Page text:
The Rolling Stones To Play First Concert In Havana
AUDIE CORNISH, HOST:
It's been quite a week for Cuba - a historic visit by President Obama, a baseball game between the Tampa Bay Rays and the Cuban national team, and to top it all off...
(SOUNDBITE OF SONG, "STREET FIGHTING MAN")
THE ROLLING STONES: (Singing) Everywhere I hear the sound of marching, charging feet, boy. 'Cause summer's here, and the time is right for fighting in the street, boy.
CORNISH: As we heard elsewhere in the program, the Rolling Stones will play a free concert tonight in Havana in front of an intimate crowd of hundreds of thousands.
ROBERT SIEGEL, HOST:
It's the first time the legendary rock group is playing in Cuba.
(SOUNDBITE OF ARCHIVED RECORDING)
THE ROLLING STONES: Hola, Cuba.
SIEGEL: That's band in a Facebook video posted on Tuesday. Other Western acts have started playing in Cuba. The Grammy-winning DJ Diplo performed there earlier this month.
CORNISH: But, no offense to Diplo, he's not the Stones, says Ned Sublette, senior producer of Afropop Worldwide.
NED SUBLETTE: The Stones are the biggest touring act in the world. And this is - this is - I see this kind of as a - almost a culmination of the Stones' career in some ways.
CORNISH: A culmination? Sublette explains.
SUBLETTE: The Stones in the 1960s made these pilgrimages, right, to Chicago, to the South, right, to Mississippi, to this - where this blues that they grew up worshiping came from. Well, this is the other half of what their music was built out of.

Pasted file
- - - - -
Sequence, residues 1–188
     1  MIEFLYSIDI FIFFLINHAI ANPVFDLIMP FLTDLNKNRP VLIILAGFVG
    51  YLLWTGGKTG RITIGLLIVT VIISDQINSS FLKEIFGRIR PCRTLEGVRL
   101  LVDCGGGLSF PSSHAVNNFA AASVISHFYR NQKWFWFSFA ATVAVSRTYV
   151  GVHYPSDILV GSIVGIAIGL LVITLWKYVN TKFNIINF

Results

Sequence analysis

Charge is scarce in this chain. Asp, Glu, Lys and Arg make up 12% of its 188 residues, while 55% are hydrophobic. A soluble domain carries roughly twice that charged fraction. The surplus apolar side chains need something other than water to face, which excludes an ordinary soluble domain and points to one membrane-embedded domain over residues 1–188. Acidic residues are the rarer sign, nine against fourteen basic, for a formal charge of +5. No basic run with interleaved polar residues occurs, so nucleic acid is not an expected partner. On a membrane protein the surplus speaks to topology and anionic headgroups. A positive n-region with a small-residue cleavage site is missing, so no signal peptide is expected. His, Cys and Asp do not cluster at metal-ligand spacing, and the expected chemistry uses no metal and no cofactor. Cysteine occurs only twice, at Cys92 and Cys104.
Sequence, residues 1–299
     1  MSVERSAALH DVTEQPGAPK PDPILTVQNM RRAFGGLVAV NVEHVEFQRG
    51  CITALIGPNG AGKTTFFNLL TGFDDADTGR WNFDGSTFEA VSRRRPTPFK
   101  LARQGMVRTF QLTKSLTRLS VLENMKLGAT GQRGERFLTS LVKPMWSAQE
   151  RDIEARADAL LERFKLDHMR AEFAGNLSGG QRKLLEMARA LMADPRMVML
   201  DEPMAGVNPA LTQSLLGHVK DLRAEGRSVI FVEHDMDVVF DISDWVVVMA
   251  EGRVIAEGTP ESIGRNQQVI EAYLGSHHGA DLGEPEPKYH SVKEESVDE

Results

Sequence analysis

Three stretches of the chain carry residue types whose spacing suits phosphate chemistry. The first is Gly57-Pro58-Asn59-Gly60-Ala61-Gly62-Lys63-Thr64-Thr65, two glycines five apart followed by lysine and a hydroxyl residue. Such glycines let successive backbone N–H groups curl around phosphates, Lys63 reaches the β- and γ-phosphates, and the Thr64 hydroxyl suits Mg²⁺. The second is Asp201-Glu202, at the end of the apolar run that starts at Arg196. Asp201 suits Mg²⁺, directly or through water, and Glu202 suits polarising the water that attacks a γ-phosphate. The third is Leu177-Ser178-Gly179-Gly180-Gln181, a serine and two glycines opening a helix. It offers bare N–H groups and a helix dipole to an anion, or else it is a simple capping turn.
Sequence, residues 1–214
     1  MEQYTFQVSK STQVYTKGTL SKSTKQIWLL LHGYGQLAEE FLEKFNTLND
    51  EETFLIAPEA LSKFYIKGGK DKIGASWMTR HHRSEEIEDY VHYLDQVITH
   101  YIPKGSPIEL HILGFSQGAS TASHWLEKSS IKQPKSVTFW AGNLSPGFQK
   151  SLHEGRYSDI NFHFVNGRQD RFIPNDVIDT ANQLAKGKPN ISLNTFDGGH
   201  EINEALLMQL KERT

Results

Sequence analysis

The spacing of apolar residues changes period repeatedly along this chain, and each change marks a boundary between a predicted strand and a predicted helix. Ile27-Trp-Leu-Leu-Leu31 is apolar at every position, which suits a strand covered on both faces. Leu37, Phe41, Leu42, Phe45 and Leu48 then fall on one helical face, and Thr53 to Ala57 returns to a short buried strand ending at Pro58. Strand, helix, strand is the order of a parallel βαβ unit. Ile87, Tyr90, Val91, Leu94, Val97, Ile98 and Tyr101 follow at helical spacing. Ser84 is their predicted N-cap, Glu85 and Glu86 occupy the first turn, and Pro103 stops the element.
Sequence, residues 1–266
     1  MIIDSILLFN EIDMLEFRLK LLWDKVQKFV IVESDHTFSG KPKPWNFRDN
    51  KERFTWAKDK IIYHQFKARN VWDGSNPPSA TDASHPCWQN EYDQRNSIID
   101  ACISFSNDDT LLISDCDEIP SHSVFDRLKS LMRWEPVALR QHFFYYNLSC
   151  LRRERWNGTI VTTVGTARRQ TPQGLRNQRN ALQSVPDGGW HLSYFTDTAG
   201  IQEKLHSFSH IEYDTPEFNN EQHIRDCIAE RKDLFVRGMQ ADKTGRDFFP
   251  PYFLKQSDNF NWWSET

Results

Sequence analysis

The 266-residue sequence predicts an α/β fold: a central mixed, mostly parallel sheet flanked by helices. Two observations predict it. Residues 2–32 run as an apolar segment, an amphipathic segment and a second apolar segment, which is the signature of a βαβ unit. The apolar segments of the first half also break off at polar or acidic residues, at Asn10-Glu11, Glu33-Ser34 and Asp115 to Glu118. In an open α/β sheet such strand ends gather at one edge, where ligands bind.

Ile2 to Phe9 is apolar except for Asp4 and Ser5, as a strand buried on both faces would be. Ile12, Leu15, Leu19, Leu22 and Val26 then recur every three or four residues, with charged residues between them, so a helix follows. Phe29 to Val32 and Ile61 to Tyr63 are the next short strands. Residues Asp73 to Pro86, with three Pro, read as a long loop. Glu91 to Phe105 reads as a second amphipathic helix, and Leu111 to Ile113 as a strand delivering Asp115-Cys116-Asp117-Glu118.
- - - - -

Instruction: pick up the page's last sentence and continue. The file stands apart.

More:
SIEGEL: Ned Sublette had an example ready.
SUBLETTE: "Satisfaction" is a cha-cha-cha, right? (Singing) Hey, hey, hey, one, two, cha-cha-cha. One - that's what I say.
I can't sing today, but the Stones' "Satisfaction," "Get Off My Cloud," Let's Spend The Night Together," all of these are building on Cuban rhythm.
(SOUNDBITE OF SONG, "SATISFACTION")
THE ROLLING STONES: (Singing) Hey, hey, hey. That's what I say.
SUBLETTE: In the 1950s, everybody heard the "I Love Lucy" theme every week, right? Everybody in the United States heard Cuban music all the time. It was omnipresent in the U.S. musical diet, in U.S. media. Then comes the break in relations, which, by '61, is pretty much total. And by the time the Stones come out, they're playing to a generation of kids who no longer directly remember Cuban music, but all these rhythms are still in the air.
SIEGEL: The Rolling Stones broke out during a time when Cuban-U.S. relations were at their coldest, and listening to groups like the Stones was considered subversive in Cuba.
CORNISH: Afropop Worldwide's Ned Sublette says he hopes the events of this week will soon mean a time when a big rock show in Cuba isn't news.
SUBLETTE: If the better-case scenario takes place, something like this Stones concert perhaps won't be so unusual anymore. If Cuba has access to modern Internet and telephone services, modern financial services and modern transportation links, we're going to see the music of the hemisphere and the world transform.
CORNISH: For now, a memorable end to a remarkable week in Cuba.
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